Once the map is built, the robot can begin performing its navigation and obstacle avoidance functions.

Fig. 4 – Setting the goal

Navigation is comprised of path planning to reach a goal within a map, along with detection of new obstacles that are not part of the map. This is where the preceding elements of LiDAR, scanning, and mapping are all brought together into a functioning system. As can be seen in our navigation video, the software provides real-time updates to the proposed path to keep the robot within the mapped area, whilst avoiding any new obstacles. In the picture below, we see a navigation ‘goal’ being set. The user clicks a location on the map where they would like to robot to go, and the navigation software displays a large green arrow to show this goal.

In addition to showing the goal, the picture above also shows:

  • the mapped data: the black areas
  • the scan data from the LiDAR: the white dots
  • the robots current position: the red circle
  • obstacle inflation: the turquoise/purple areas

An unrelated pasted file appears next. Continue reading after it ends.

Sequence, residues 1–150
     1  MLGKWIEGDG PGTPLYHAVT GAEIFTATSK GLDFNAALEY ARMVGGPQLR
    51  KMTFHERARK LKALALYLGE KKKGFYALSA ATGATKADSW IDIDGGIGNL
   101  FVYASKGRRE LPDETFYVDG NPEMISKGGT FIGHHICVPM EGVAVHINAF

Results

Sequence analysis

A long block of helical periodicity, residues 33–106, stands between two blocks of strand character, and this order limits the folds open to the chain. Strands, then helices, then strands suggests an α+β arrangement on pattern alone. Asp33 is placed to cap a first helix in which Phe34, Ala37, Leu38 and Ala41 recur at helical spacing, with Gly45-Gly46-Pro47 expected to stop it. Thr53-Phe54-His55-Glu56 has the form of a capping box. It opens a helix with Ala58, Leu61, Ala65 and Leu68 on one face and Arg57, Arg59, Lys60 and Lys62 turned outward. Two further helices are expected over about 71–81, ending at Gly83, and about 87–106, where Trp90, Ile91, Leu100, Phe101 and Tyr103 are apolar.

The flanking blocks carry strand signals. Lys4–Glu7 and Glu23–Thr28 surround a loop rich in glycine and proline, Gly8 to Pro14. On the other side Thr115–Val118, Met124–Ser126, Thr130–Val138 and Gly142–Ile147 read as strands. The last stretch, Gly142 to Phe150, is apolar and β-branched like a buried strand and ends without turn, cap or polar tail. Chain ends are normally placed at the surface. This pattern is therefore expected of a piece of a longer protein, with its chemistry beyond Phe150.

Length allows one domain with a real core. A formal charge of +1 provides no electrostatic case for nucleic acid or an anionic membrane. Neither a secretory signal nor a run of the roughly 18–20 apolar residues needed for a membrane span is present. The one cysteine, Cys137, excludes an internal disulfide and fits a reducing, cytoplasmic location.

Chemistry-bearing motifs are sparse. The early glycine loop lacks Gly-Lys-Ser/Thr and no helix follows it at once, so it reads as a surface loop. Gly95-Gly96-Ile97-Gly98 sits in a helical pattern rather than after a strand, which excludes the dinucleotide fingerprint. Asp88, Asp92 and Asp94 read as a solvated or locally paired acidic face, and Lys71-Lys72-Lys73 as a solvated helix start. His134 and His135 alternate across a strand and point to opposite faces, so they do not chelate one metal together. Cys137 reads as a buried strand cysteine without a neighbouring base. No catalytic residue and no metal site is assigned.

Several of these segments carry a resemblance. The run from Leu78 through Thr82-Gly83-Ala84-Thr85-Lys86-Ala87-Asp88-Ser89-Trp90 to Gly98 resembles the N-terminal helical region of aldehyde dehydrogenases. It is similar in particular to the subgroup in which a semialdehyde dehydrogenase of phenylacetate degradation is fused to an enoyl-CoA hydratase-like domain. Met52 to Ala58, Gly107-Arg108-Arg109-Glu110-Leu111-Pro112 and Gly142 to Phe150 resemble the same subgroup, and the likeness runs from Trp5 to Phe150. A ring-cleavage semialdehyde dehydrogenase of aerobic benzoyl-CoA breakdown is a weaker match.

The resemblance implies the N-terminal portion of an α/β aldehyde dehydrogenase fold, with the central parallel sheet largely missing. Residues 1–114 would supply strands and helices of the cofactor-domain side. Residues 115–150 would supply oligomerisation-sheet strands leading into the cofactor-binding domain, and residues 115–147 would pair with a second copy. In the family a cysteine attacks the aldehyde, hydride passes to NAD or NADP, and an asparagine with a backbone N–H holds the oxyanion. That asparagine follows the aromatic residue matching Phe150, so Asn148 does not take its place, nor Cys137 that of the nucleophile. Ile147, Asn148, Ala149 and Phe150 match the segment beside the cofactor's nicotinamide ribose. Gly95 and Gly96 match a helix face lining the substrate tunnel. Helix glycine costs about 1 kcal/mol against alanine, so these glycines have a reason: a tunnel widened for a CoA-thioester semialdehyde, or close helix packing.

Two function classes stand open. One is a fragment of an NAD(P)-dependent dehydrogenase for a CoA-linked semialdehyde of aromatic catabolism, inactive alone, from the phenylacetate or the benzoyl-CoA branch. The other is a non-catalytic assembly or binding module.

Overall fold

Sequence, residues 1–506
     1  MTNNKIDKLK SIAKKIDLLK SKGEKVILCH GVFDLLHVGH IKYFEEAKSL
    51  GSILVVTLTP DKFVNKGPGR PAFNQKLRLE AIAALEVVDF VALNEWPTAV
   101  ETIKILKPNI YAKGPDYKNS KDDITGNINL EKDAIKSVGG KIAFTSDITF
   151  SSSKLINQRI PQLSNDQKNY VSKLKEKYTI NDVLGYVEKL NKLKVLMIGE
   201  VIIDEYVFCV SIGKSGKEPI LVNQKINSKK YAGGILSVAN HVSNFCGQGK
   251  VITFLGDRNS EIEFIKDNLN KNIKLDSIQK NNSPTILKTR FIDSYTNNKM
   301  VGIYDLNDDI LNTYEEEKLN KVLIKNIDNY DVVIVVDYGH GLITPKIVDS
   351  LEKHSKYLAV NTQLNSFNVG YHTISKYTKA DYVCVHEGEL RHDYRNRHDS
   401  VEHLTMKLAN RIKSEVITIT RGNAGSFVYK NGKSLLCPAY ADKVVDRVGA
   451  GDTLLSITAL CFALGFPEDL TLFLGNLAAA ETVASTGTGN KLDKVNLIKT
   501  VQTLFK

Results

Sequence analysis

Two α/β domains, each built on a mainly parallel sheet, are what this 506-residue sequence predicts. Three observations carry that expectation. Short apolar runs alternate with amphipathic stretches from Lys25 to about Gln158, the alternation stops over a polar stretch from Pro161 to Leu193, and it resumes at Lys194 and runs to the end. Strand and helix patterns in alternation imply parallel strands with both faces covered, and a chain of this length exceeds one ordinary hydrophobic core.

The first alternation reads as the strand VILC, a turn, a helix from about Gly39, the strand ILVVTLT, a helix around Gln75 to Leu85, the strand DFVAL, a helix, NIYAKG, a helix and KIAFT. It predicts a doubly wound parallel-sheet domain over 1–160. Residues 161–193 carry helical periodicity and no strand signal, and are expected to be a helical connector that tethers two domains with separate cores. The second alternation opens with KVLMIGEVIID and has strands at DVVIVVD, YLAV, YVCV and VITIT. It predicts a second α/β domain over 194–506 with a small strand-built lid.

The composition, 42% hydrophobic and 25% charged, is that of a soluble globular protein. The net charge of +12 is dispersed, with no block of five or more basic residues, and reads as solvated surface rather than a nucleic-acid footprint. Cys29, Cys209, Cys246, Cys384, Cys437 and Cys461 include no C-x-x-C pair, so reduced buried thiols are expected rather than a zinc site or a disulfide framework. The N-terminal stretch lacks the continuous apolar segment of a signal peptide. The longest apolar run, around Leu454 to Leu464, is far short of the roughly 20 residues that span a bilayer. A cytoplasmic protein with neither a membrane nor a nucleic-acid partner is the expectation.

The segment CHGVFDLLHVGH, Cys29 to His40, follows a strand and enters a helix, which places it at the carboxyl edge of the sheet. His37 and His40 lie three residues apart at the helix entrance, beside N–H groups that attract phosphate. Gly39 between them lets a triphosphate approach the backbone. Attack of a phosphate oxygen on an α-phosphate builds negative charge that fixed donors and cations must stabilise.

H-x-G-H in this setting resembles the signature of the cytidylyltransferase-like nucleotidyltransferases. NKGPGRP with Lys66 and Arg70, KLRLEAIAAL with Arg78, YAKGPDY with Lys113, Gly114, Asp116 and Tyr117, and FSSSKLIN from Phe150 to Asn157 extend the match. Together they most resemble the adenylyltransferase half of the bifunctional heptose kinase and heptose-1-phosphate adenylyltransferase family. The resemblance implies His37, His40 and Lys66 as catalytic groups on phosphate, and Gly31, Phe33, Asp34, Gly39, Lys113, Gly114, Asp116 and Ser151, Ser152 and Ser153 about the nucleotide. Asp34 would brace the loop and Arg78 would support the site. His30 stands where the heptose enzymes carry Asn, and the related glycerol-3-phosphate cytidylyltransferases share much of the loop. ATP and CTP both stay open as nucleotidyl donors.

In deriving a path to the goal, the robot must allow a safe distance around all obstacles. To this end, the purpose of obstacle inflation is to make obstacles appear larger than they are, and with a safety margin, to help ensure the robot does not collide with them. So the turquoise areas are areas the robot should avoid: they are the danger spots where collision could occur. During path planning, the robot footprint (in red) should not be made to overlap significantly with those inflated areas.

Fig. 5 – Obstacle inflation

As the robot navigates towards a goal, it maintains an area around itself where it performs obstacle inflation, and seeks to keep its path outside of those areas. Here we can see a path the robot planned to move across the room (green line):

Fig. 6 – The planned path

After some time navigating towards the goal, we introduce a new obstacle (a cardboard box, see the previously mentioned videos) and this causes the robot to have to make a new plan to reach the goal. In the next picture, we see how the new path is planned to go around the new obstacle (green line bends around the box which has appeared in the map as an inflated obstacle):

Fig. 7 – The revised path

As long as the green line is kept outside of the turquoise areas, then the path is safe for the robot to travel. Using these techniques of mapping, obstacle inflation and path planning, the robot is able to move towards its goal and dynamically avoid obstacles, even as those obstacles move into and out of it’s currently intended path.